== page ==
WC will say at the top these are poor-quality photos. Taken in 2002, WC’s camera then was something called an Olympus C2500L, which was a state of the art camera in its day, but the state of the art was pretty primitive compared to today’s digital cameras. WC’s skills left a lot to be desired, too. But a couple of years ago when WC was featuring Phalaropes, this species got overlooked. The Red Phalarope is the most pelagic of the three phalarope species, spending up to 11 months each year in marine habitats. Its migratory routes and winter areas are…

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Bird of the Week – Red-winged Blackbird

Red-winged Blackbird Male, Peat Ponds, Fairbanks

Interior Alaska is near the northerly limit of Red-winged Blackbirds’ range. The Red-winged Blackbird might be the most abundant (and best studied) bird in the U.S. The species breeds in marsh and upland habitats from interior Alaska and central Canada to Costa Rica, and from California to the Atlantic Coast and West Indies. Although primarily associated with large freshwater marshes and prairies, it also nests in small patches of marsh vegetation in roadside ditches, saltwater marshes, rice paddies, hay fields, pasture land, fallow fields, suburban habitats, and even urban parks. The Red-winged Blackbird is also known for its polygynous social…

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Bird of the Week – Rusty Blackbird

Rusty Blackbird, Shaw Creek Flats, Alaska

Some years ago, Mrs. WC got a telephone call from a lady who reported there were a lot of “baby Ravens” in her yard. After careful questioning, Mrs. WC established they were Rusty Blackbirds which, after all, are nearly black, even if they don’t otherwise resemble Common Ravens very much, and “baby Ravens” not at all. Joking aside, Rusty Blackbirds are a species in trouble. Their populations have declined catastrophically. Data from long-term surveys like the North American Breeding Bird Survey and Christmas Bird Counts suggest that Rusty Blackbird numbers have plummeted a staggering 85-95% since the mid-1900’s. It’s likely some combination of…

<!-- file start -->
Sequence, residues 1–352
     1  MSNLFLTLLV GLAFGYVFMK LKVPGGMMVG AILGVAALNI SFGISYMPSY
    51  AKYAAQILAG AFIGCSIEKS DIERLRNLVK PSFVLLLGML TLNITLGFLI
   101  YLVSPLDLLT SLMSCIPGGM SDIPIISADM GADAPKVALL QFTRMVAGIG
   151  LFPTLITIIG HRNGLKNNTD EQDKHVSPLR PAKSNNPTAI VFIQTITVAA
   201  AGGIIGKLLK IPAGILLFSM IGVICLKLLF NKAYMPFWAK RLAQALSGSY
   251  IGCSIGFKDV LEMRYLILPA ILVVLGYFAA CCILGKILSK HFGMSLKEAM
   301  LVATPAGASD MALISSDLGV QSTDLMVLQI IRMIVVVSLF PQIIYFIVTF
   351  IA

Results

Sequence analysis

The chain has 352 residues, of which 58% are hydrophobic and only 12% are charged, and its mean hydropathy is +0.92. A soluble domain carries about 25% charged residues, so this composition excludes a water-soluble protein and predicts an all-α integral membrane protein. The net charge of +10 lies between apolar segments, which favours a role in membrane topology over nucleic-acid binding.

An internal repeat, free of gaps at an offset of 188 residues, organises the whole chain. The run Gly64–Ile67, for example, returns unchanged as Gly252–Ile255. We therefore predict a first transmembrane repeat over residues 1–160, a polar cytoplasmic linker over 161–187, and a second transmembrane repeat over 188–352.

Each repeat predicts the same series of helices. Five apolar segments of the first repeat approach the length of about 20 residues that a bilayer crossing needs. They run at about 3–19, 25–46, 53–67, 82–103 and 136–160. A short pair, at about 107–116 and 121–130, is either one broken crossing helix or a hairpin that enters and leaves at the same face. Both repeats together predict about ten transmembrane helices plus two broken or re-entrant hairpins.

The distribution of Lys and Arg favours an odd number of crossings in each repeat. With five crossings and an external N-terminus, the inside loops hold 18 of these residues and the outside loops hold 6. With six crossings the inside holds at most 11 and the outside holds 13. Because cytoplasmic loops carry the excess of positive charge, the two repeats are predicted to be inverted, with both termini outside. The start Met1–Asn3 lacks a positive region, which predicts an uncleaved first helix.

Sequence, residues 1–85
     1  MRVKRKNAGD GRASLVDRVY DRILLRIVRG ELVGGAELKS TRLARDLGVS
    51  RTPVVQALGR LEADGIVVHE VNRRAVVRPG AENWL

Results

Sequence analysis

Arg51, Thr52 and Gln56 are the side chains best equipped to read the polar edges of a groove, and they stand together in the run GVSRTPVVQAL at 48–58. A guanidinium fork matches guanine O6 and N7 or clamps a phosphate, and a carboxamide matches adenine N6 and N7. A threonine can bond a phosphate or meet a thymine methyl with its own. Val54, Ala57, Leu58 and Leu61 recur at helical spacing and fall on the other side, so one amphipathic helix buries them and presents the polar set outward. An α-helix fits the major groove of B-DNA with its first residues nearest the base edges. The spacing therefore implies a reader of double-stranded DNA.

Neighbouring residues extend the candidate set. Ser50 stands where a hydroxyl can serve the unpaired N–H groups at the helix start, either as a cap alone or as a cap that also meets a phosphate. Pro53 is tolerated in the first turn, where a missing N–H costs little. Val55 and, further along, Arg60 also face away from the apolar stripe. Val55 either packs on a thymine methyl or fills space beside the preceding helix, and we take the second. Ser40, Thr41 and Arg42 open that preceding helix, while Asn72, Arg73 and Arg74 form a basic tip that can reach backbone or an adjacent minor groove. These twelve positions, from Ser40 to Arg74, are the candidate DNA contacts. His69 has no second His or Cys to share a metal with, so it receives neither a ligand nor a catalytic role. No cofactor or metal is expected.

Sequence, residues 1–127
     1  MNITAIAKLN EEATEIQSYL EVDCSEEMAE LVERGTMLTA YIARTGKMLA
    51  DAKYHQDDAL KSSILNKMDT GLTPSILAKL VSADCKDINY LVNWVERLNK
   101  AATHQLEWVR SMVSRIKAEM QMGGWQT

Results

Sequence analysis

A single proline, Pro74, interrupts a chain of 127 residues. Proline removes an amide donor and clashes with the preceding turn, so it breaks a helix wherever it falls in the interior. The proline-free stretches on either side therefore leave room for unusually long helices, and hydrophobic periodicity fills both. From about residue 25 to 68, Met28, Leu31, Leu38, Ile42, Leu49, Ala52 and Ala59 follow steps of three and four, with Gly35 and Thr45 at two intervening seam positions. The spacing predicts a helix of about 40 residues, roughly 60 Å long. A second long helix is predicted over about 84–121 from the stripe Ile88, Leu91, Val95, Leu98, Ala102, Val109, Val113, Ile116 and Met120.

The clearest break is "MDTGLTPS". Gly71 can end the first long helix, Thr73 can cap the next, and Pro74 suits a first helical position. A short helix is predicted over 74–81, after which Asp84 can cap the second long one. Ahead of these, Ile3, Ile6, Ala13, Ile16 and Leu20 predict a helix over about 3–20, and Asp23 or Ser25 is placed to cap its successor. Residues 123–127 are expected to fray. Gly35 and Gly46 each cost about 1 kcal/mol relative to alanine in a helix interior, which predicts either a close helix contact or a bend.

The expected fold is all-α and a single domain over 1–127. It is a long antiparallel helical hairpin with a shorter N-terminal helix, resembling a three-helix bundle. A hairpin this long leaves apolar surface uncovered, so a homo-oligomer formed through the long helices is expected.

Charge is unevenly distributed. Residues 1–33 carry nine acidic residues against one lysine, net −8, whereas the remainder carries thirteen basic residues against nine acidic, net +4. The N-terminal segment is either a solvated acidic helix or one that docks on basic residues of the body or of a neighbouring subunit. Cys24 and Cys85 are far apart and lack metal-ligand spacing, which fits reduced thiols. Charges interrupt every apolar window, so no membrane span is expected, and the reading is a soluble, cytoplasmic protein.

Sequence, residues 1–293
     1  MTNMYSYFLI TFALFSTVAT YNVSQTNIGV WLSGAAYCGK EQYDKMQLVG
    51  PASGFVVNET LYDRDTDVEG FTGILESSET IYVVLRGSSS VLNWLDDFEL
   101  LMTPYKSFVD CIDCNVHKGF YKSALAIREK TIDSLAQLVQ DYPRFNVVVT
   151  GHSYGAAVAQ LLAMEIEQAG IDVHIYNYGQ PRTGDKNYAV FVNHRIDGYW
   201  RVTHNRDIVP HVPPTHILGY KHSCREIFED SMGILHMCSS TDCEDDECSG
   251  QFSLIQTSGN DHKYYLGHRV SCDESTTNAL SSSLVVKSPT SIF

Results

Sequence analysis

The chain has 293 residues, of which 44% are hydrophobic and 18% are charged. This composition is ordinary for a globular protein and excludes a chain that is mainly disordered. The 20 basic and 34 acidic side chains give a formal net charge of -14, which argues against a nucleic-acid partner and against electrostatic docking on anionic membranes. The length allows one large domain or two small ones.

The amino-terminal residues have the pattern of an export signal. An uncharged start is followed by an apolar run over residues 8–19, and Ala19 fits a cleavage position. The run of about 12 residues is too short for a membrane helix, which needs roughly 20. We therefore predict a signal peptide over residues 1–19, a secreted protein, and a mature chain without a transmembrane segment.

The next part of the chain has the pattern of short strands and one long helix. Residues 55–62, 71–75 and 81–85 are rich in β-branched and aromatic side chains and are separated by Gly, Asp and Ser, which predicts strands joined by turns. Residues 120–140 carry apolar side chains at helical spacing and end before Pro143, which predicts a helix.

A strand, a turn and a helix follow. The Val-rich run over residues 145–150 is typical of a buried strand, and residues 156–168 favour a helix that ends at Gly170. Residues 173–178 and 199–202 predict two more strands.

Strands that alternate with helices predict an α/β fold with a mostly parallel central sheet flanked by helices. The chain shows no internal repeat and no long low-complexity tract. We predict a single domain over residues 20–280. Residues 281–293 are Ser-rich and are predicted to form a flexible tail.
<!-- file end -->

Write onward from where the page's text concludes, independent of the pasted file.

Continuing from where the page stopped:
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Reverse Robin Hood Economics


I’ve watched a particular boat for the last several years. It’s a 15-and-a-half-foot wooden boat built decades ago by my neighbor Dick Dunn. The little boat sat submerged, tied to a piling, during most tides. Barnacles and blue mussels took up residence and seemed quite happy shacked up from bow to stern. See, another neighbor had acquired the boat and got pretty busy with a million projects. It happens. Every time I drove past that forgotten vessel, it made me a tiny bit sad. The boat had been built for a wonderful woman here on the bay who has since…

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Bird of the Week – Ruffed Grouse

Ruffed Grouse Closeup, Creamer's Refuge, Fairbanks

We’re pretty much done with raptors. It’s time to look at birds a little lower down the food chain. And in Interior Alaska, that means the Ruffed Grouse. This is Dennis, a Ruffed Grouse who was determined to drive all humans out of his territory. Dennis isn’t with us any longer; it’s not a behavioral style that confers an evolutionary advantage; his genes have left the pool. Like every species of Galliformes that WC has encountered, the Ruffed Grouse has an elaborate courtship display, including the display shown here and very impressive “drumming.” While perched on a log, stump, boulder,…